Here’s a good place to start.

1. Calculate how much you need to save

The first step in looking at how to save for a house deposit is working out how much you need to save.

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Note: Don’t forget that the deposit isn’t the only thing you need to save for - you’ll also need to add up all fees and costs that come with the house purchase and include it in part of your calculation of how much to save.

The recommended deposit to buy any property is 20% of the property price, but in some cases, lenders might accept a deposit as low as 10% or even 5%.

Just be aware that buying with a smaller deposit means that you’ll need to borrow more over time, which also means paying more interest.

Buyers with a deposit lower than 20% are usually required to pay Lenders Mortgage Insurance (LMI), which can add thousands to your costs - the more your property costs and the smaller your deposit, the higher your premium.

Overall, it can equate to tens of thousands of dollars… and while it’s something many home buyers try to avoid, it’s often necessary evil to get your foot on the property ladder.

Here’s how much you can expect to need to save to buy a property in each state:

20% deposit on an entry-priced house in each state:

House price 20% deposit amount
Canberra $800,000 $160,000
Adelaide $595,000 $119,000
Brisbane $635,000 $127,000
Darwin $460,750 $92,150
Hobart $530,000 $106,000
Melbourne $678,000 $135,600
Perth $505,000 $101,000
Sydney $927,250 $185,400
Australia $545,000 $109,000


Obviously the amount you need to save will vary depending on the location, but this is a good starting point to work from.

Once you’ve calculated how much deposit you’ll need, and LMI costs (if applicable), you’ll also need to calculate any other upfront costs.

  • Stamp duty (also known as transfer duty): All Australian states and territories charge stamp duty on a property transfer. Some buyers might be eligible for a stamp duty reduction, so it’s worth researching that here. For example, stamp duty on a $500,000 property in Victoria, for example, will cost you $21,970.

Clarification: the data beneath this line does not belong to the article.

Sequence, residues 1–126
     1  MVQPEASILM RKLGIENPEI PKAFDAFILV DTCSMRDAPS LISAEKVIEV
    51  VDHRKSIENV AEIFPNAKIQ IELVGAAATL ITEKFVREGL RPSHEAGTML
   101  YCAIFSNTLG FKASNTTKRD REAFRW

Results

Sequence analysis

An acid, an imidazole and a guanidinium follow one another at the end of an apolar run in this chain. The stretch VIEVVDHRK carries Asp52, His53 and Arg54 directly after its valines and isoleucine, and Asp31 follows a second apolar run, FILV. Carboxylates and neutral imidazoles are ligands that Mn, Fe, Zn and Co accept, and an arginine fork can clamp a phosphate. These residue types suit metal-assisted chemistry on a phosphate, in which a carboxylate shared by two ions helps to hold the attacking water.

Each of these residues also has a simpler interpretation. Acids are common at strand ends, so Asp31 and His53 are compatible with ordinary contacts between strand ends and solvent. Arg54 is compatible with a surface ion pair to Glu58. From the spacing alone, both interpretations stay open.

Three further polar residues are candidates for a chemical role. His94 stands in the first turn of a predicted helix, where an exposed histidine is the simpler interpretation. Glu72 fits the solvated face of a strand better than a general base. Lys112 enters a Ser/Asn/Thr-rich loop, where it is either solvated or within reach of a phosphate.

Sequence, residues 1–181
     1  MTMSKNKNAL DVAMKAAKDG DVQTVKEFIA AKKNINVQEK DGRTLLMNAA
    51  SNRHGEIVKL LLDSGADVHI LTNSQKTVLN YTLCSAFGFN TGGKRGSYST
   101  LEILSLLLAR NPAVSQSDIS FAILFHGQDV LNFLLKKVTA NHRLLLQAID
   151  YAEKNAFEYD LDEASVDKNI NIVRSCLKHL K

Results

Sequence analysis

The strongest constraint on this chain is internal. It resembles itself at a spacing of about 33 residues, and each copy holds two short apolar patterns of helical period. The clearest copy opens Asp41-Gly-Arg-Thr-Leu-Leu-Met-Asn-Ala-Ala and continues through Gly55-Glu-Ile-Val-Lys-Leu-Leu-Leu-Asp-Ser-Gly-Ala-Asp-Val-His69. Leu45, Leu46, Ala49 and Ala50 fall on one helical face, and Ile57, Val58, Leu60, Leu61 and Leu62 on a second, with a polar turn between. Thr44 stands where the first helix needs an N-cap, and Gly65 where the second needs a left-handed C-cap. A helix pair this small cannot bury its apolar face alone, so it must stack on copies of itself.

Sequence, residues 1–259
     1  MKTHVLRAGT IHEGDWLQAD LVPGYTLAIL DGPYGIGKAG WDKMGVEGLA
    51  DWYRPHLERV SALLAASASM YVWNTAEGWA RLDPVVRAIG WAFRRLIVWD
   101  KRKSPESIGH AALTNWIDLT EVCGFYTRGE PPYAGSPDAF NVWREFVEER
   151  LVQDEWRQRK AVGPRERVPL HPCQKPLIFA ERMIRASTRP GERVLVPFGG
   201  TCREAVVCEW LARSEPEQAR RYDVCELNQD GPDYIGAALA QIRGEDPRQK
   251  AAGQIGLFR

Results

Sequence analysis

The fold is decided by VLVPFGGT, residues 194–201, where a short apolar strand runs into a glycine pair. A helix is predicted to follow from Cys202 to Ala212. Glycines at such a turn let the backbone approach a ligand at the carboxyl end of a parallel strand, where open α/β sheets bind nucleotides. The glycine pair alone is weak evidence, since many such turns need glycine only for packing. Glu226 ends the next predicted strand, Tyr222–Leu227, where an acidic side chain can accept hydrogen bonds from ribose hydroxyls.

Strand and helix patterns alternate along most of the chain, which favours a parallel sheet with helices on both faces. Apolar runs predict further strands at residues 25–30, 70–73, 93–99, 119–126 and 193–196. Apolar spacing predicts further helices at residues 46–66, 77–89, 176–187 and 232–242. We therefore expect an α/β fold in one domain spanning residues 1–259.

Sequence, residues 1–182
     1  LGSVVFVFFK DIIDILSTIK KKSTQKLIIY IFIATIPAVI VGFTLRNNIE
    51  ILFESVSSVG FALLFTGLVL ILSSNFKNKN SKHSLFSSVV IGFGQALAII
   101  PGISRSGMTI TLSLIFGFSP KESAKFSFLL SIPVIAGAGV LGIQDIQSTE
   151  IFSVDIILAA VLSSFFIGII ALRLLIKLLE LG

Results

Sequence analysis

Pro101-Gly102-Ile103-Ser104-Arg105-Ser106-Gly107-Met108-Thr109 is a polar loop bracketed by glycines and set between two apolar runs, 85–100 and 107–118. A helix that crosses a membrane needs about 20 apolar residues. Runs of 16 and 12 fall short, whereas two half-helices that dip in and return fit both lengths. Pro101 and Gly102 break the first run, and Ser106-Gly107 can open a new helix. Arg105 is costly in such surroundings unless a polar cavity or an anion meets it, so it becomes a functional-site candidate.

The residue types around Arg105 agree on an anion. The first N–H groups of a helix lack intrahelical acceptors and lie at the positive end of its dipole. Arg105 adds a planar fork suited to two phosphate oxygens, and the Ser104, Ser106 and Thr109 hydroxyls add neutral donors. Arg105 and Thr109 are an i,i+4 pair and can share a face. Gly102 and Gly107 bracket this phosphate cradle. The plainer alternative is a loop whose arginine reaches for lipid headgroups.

• Fees for changes to the Land Titles register: This is another government fee payable to register the documents to transfer the property into your name. These typically equate to less than $1,500.
  • Conveyancing and legal costs: A conveyancer, or solicitor, is the person who oversees, and manages, the sale of a property from a seller to a buyer and manages the preparation of any legal documents needed for the transaction. Fees vary as there is no official charge and in addition to the service fee, you will usually also be charged for ‘disbursements’ including a title search, certificate fees, photocopying and paperwork registration costs. In total, the average cost of conveyancing can roughly be between $900-$2,200.
  • Building and pest inspections: A building inspection report and a pest inspection report will give you an accurate picture of the condition of the property and help you assess the likely costs of maintaining it moving forward.
  • Loan application fee: Most lenders charge a home loan application fee to cover the costs of legal contracts, property title checks and credit checks and also a fee for setting up the mortgage in their banking system.

Calculate all these costs to work out how much you need to save for your deposit and upfront expenses.

Failure to save for the additional upfront costs means they’ll be taken out of your deposit amount.

2. Assess your finances and track your spending

You’ve calculated how much you need to save; now the next step is to work out your income and cash flow.

It’s a good idea to track your spending and get a detailed breakdown of your monthly outgoings, splitting it into essential costs and discretionary spending.

This can help you calculate how much you can afford to put towards your house deposit savings goal.

3. Pay off your debts

At this point, you’ll need to pay off any debts, starting with the most urgent first.

Only once debts are cleared can you set up a savings plan and begin the savings process.

4. Set a budget

In order to set a budget of how much to put aside each month, you need to work out what you can afford.

Using your spending breakdown, set a realistic budget and work out where you can make cuts to your current spending.